Taking a trip back in time to the age of the dinosaurs is beyond the reach of science. However that does not stop professional photographer Christian Voigt from attempting to re-animate animals from the Mesozoic age through the lens of his electronic camera.

Voigt has actually taken a trip to 5 nature museums throughout Europe to picture dinosaurs and other extinct animals’ skeletons, producing a collection of images that portray these long-dead animals in a brand-new light.

“I looked for to truly bring these animals to life,” Voigt informed Service Expert, including, “I need to advise individuals that these aren’t Hollywood images, however rather genuine animals that lived countless years back.”

However photographing museum specimens provides distinct obstacles for a professional photographer, because the skeletons can not be moved, positioned, or eliminated from their screen cases. Museums likewise limit using extra lightning, so Voigt pictures the dinosaurs utilizing just natural light and depends on a black back-drop to separate each animal from its next-door neighbors.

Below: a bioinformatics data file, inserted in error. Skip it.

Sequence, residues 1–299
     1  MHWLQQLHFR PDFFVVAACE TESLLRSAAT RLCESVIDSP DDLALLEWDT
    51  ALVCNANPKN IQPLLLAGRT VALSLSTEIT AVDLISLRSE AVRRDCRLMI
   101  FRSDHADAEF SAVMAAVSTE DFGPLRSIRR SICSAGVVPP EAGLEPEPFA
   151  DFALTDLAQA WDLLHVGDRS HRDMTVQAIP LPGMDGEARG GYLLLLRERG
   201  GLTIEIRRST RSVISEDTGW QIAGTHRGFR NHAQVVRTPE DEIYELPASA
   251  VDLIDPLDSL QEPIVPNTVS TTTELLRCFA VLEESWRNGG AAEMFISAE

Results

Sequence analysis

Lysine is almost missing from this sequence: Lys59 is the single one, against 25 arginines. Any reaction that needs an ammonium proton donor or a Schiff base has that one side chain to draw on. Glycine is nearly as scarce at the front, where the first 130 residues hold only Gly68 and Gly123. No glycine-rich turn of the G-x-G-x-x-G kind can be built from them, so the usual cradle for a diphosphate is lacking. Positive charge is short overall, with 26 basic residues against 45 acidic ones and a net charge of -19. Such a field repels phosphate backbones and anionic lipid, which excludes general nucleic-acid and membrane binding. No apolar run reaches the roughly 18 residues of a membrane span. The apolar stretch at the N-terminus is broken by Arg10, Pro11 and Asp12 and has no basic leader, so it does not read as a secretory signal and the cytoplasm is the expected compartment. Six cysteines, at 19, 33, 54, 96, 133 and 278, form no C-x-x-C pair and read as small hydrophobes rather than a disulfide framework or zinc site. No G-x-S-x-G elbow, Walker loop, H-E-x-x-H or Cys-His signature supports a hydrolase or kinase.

“I can’t touch them, or inquire to move a little to left, so I need to search for the very best angle,” he stated.

Learn More: The genuine T. rex looked absolutely nothing like the beast in ‘Jurassic Park.’ These 13 discoveries have actually overthrown our photo of the ‘king of the dinosaurs.’

Voigt stated he was motivated to deal with dinosaur skeletons after a see to the Nature Museum in London some years back. Seeing the display screens made him wish to picture each specimen separately.

“All of it began with wishing to bring these animals out of their glass boxes,” he stated. “In a museum, when you take a look at particular collections of animals and skeletons, they’re constantly extremely compacted.”

He stated he in some cases invests an hour finding and catch a single, perfect shot. The resulting images expose every groove, divot, and eye socket of the skeletal bodies of animals like the triceratops, T. rex, and stegosaurus.

Here are 15 breath-taking images from Voigt’s collection.